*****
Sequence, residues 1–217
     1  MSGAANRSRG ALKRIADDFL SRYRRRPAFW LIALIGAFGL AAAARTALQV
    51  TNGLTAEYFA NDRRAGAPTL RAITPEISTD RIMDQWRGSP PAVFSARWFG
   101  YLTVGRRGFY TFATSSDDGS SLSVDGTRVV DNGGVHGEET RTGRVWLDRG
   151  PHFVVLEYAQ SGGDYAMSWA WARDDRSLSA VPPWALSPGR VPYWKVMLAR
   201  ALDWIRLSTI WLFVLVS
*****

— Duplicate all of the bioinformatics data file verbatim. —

Sequence, residues 1–217
     1  MSGAANRSRG ALKRIADDFL SRYRRRPAFW LIALIGAFGL AAAARTALQV
    51  TNGLTAEYFA NDRRAGAPTL RAITPEISTD RIMDQWRGSP PAVFSARWFG
   101  YLTVGRRGFY TFATSSDDGS SLSVDGTRVV DNGGVHGEET RTGRVWLDRG
   151  PHFVVLEYAQ SGGDYAMSWA WARDDRSLSA VPPWALSPGR VPYWKVMLAR
   201  ALDWIRLSTI WLFVLVS